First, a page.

Fire Detection Systems

Fire Detection Systems

An automatic Fire Detection Systems is designed to detect the unwanted presence of fire by monitoring environmental changes associated with combustion. In general, a fire alarm system is classified as either automatically actuated, manually actuated, or both.

Automatic fire alarm systems are intended to notify the building occupants to evacuate in the event of a fire or other emergency, report the event to an off-premises location in order to summon emergency services, and to prepare the structure and associated systems to control the spread of fire and smoke.

Fire Detection Systems

A smoke detector is a device that detects smoke, typically as an indicator of fire. Commercial, industrial, and mass residential devices issue a signal to a fire alarm system, while household detectors, known as smoke alarms, generally issue a local audible or visual alarm from the detector itself.

Choosing a smoke alarm and installing it

Choose a smoke alarm that complies with the British Standard (BS EN 14604:2005) and carries the British Standard Kitemark or LPCB ‘Horseshoe’ mark.

  • Always put Fire Detection Systems where you will be able to hear them throughout the home, particularly when you are asleep or when doors are closed.
  • If your home has only one level (storey), fit the Fire Detection Systems between the living area and bedrooms.
  • If your home has more than one level (storey), fit one Fire Detection Systems at the bottom of the staircase and further alarms on each landing.
  • Fit Fire Detection Systems on the ceiling, as near as possible to the centre of the room, hallway or landing. The Fire Detection Systems should be at least 30cm (12 inches) away from any wall or light fitting.
  • Make sure you can reach your Fire Detection Systems easily to test it each week – avoid fitting it directly over a staircase.
  • Follow the manufacturers’ instructions on how to fit your smoke alarm and change the battery.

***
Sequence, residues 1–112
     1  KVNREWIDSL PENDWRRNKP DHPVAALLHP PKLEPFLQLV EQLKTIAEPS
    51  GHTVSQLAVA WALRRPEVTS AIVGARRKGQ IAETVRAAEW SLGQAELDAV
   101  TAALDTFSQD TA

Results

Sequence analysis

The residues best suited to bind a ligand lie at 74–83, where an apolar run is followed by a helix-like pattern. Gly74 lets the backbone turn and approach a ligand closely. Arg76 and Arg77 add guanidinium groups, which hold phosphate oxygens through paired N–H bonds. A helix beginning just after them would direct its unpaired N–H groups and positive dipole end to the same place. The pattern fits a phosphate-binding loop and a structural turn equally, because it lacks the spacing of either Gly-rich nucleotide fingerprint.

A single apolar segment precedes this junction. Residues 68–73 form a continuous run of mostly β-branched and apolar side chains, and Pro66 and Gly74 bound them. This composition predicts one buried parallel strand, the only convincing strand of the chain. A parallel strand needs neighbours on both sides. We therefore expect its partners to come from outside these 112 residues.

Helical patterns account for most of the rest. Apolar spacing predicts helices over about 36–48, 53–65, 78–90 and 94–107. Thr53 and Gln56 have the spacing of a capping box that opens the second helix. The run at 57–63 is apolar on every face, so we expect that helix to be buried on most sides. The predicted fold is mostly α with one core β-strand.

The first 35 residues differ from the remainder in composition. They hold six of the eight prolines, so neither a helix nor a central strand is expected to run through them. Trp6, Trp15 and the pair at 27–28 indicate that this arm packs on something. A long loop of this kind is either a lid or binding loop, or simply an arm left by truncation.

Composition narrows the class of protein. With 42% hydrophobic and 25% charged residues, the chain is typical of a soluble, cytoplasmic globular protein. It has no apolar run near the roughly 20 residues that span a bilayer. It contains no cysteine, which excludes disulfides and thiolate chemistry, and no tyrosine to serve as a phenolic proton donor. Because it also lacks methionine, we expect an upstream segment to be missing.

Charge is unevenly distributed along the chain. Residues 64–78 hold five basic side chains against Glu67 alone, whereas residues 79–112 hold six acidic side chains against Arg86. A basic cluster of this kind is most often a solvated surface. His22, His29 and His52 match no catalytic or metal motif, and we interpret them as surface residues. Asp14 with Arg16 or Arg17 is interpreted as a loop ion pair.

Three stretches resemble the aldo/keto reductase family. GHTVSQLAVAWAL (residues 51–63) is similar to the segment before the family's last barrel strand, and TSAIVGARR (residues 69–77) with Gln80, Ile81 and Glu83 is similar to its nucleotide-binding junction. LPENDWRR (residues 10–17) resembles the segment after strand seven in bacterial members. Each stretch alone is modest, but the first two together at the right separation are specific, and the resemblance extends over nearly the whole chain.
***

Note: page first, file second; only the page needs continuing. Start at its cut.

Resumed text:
Where not to fit your smoke alarm

  • Don’t fit your smoke alarm in or near to the kitchen or bathroom as it could be set off accidentally by cooking fumes and steam.
  • Don’t fit your smoke alarm in a garage where it could be set off accidentally by exhaust fumes.
  • Don’t fit your smoke alarm on damp or dusty surfaces or false ceilings as there is a risk it will fall down.


Battery-powered detectors

Never remove the battery from your detector even for a short period, remember the detector is only doing its job.

Most budget smoke detectors will come with a battery ready fitted. This battery will last you for at least one year. Make a point of changing that battery annually. Consider using one of your children’s birthdays, or a special occasion, to remind you to change it.

More expensive long life detectors are now available and if you are intending to stay in your house you should consider purchasing one of these.


Mains-powered detectors

You may wish to consider a mains powered detector, they operate under normal circumstances using power supplied from the mains. In the event of a power cut, a pre-installed battery takes over to ensure you are always protected. These systems use very little electricity and alleviate the problems of flat batteries.

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